(p. v) Preface
(p. v) Preface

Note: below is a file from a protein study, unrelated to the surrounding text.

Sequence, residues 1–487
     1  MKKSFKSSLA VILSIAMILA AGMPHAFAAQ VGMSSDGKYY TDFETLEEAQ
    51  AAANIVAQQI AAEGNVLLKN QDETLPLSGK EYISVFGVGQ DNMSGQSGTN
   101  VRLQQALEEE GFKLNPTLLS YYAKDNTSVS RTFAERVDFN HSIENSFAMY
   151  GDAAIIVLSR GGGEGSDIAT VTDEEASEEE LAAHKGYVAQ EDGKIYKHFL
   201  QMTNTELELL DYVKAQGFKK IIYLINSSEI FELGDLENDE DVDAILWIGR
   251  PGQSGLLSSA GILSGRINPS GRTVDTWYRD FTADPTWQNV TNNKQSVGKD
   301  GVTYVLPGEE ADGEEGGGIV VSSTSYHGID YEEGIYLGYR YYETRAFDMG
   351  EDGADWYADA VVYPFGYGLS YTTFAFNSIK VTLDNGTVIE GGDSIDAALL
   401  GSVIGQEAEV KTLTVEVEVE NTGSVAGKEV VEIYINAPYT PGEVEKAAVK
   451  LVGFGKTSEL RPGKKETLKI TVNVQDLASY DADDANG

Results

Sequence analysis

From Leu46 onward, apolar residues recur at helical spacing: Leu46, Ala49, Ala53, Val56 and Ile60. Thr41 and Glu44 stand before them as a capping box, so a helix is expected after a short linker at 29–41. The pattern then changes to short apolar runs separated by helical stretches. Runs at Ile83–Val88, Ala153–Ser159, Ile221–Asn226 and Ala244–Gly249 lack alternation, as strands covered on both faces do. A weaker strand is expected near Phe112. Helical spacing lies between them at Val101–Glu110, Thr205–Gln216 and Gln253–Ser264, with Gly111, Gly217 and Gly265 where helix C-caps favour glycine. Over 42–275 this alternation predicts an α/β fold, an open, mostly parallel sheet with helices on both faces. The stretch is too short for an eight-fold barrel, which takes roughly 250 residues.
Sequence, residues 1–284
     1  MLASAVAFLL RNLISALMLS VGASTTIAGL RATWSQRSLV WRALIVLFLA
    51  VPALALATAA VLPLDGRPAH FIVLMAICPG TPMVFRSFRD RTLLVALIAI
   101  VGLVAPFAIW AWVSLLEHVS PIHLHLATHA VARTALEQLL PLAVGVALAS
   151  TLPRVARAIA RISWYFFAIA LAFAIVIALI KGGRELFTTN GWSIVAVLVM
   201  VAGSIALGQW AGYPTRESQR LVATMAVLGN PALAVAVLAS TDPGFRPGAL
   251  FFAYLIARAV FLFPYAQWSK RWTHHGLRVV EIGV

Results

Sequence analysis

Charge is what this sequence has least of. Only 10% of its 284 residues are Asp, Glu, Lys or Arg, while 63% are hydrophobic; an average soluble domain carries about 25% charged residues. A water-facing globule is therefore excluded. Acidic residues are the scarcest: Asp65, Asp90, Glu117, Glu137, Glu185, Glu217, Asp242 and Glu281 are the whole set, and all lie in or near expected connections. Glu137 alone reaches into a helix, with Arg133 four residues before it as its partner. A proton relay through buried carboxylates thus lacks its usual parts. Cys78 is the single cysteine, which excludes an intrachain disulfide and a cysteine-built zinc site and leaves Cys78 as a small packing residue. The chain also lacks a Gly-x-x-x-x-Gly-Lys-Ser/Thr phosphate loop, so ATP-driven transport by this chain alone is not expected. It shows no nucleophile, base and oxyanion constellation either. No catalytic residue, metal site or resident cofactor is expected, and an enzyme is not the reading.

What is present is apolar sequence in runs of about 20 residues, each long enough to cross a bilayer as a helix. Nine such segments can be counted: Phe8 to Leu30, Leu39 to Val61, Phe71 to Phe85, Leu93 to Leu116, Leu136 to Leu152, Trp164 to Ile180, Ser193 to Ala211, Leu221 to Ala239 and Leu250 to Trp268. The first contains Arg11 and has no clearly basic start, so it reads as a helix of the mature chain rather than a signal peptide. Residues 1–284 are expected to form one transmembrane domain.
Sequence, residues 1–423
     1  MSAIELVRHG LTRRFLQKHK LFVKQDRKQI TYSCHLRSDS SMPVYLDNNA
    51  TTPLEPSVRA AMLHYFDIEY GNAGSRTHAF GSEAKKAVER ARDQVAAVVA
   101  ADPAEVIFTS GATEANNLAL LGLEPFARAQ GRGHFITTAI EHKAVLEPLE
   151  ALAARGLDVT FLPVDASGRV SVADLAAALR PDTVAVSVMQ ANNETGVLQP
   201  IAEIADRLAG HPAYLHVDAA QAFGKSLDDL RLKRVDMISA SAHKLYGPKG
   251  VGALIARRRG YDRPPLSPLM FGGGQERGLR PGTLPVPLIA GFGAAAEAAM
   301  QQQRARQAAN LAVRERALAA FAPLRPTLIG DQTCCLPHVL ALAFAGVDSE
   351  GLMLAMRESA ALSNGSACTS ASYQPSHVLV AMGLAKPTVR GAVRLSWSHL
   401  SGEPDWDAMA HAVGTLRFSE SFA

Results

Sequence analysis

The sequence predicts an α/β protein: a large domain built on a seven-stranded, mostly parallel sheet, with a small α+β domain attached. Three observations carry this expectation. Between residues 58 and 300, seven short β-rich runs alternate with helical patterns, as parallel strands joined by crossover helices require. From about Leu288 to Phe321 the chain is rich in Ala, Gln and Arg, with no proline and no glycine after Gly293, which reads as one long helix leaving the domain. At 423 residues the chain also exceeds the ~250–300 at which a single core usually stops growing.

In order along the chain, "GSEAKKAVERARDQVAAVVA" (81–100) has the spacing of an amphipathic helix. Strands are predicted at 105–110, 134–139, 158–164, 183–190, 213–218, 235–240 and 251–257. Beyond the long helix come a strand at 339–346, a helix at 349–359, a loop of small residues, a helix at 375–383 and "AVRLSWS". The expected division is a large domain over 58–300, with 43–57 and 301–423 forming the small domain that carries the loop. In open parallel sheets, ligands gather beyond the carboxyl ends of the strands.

The Oxford Handbook of Deliberative Democracy began with a conversation between John Dryzek and André Bächtiger in Canberra in February 2014, when John declared that it is about time for a Handbook on this crucial topic. While John and André agreed that there is clear demand for a comprehensive treatment of deliberative democracy, both felt that given the breadth and complexity of deliberative democracy today, the editorial team needed reinforcement. They asked Mark Warren and Jenny Mansbridge to join them, and both Jenny and Mark immediately and enthusiastically agreed. The editorial team then had a number of skype discussions about the topics to be covered in such a Handbook, leading to a proposal to Oxford University Press in Northern summer 2014. After signing the contract, we were overwhelmed with the positive reactions to our call for contributing to the Handbook: almost all authors we contacted responded positively and enthusiastically. What followed was a process of intensive engagement with the more than one hundred authors of this volume, involving deliberations between the editors and the authors, but also within the editorial team itself. It also involved, as any good process of deliberation, a lot of mutual learning. For example, none of us was aware of the full dimensions of the plural origins of the deliberative approach. When reading and engaging with the chapters as they arrived, we realized that there is far less unity in the origins of deliberative democracy than commonly thought. We have been impressed with the multiple “discoveries” of deliberative politics across disciplines that were not initially in discourse with one another—disciplines as diverse as urban planning, law, dispute resolution, economics, communications, legislative studies, public policy analysis, sociology, and environmental governance. Not all of them initially used the terms “deliberation” and “deliberative democracy,” though commonalities eventually became evident. And even though we speak—for structuring and clarifying purposes—of first- and second-generation models of deliberation in the introduction to this volume, we recognize that some first-generation pioneers (including Jürgen Habermas) had already adopted second-generation concepts in the 1990s. In a way, theoretical unity was more what students of deliberation imagined in the 2000s rather than what the theoretical pioneers had in mind when developing the concept in the 1980s and 1990s.